I’m having trouble working or concentrating today.
As I sit in my house, far from the reality of what Christine Blasey Ford is experiencing at the cold hands of our government, I somehow feel like I’m experiencing it with her. When she speaks my body reacts with a nervousness of stress that is unreasonable given I’m not her, and I’m not there. My heart rate is elevated, the beating of it pounding hard in my chest. I feel sweaty. I feel like I can’t quite breathe. I’m shaking. My hands are trembling on my keyboard as I type this.
I want to cry. I feel the tears so close to falling.
I don’t know how she is doing this. I don’t have any idea how she has the strength to be in that room and share this personal, traumatic experience with the world. I don’t know the kind of bravery it must take to open yourself up to so much hate and judgment. I want to be believe that I have it in me, but I sit here in my kitchen, unable to catch my breath and it’s not me there facing this.
I wonder if other women are feeling what I’m feeling. Politics aside. Because we all know someone, if not ourselves, who’s had this experience. Her story isn’t fantastical. No. It’s familiar. It rings true. Maybe it’s why women believe her. Maybe it’s why I’m shaking, because the sad, sad, truth is that her story isn’t even unique. I’ve heard it before. Far too many times. Women being held down. Women being groped. Women being silenced. Women being outnumbered. Women being overpowered. Women wondering if they would die. Women wondering if they’d be raped.
Women being raped.
We know them. They are all of us. Even if we’ve never experienced something this traumatic, we’ve come close. We’ve had the experience of being in a situation that could easily deteriorate. We know, oh god do we know, how easily we can be overpowered. We live our lives carefully trying to avoid this scenario while also knowing it can happen anytime, anywhere.
And now, at our age, these women aren’t only us, they are our daughters.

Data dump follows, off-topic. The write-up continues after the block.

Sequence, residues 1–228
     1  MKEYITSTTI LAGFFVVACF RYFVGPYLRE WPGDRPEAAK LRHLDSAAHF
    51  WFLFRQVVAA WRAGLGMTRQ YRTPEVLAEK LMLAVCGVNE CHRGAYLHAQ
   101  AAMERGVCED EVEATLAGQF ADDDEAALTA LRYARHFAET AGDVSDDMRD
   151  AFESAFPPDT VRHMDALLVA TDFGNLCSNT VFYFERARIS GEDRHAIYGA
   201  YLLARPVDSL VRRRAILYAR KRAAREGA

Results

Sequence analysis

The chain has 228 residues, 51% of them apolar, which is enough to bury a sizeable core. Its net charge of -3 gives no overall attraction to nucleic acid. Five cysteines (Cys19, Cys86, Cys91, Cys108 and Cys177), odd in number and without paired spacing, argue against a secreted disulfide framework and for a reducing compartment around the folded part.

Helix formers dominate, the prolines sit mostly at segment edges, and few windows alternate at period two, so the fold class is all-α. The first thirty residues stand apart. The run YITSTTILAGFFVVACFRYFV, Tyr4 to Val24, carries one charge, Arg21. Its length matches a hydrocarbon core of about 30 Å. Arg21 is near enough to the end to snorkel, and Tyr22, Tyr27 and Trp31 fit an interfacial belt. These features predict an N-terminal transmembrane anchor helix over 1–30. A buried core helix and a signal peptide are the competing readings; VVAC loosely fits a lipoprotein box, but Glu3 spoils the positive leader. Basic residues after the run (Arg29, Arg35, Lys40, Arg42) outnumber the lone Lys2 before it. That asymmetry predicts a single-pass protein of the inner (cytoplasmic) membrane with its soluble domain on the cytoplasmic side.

Maybe that’s why I’m shaking. Maybe that’s why I’m viscerally experiencing what Christine is experiencing. The world is still just as dangerous for women as it has been with no end in sight. Our own government making sure of that by voting down the Violence Against Women Act.
Nothing has changed.
The same men sit on this committee who attacked Anita Hill. The same men. Victims of sexual assault who report it are put on trial. It is THEIR character that is attacked and questioned. What we are witnessing here today is timeless in America. It could be any decade. It could even been decades into the future. That makes my heart pound harder in my chest. I don’t see a time when women will ever be respected and treated as equal to men. We will be collateral damage in the way of a man getting a job he doesn’t deserve.
I ask myself, How many sexually assaulted women equal one man’s career aspirations? What is the tipping point when the man is determined the one in the wrong?
I know that some people will read this and react to it from a lens of politics. That also makes me want to cry. Sexual assault should not be a political issue. We, all decent human beings, should be able to agree that sexual assault and violence against women is wrong. And victims speaking out should be respected and not be put on trial.
Despite how it may look and sound and feel for Christine today, and for me and for all of the women watching and feeling it with her as if we are her, Christine Blasey Ford is not on trial today. Brett Kavanaugh is having a job interview for a very important position for the future of law, justice, and our very democracy. It is not on her to prove her worth, her character, or her story. She is simply offering up information that our government will have to now consider before extending a job offer by either investigating it or dismissing it.
But, they will treat Christine like she’s on trial. They already have. They will do it because they truly believe that accusations of sexual assault don’t matter against a man they like. They will rationalize this as just a part of being a teenager. That boys will be boys. That women shouldn’t go to parties. That rape culture is a part of life and there’s nothing we can do about it. Women should expect, yes, expect, to be sexually assaulted, groped, grabbed, masturbated in front of, moved on like a bitch, held down, undressed. Silenced.
My government is telling me that the worst part about sexual assault is the women who won’t stay silenced about it. That the women reporting are the problem.
I’m shaking. I can’t quite breathe. Because I’m watching my government tell me that men have all the power and there’s nothing I can do about it. I’m tearing up because the men in my government are holding me down, covering my mouth, turning up the music, and laughing among themselves as I try to free myself from being violated.
Christine’s story is familiar to me. It’s all our stories. I believe her. I stand with her.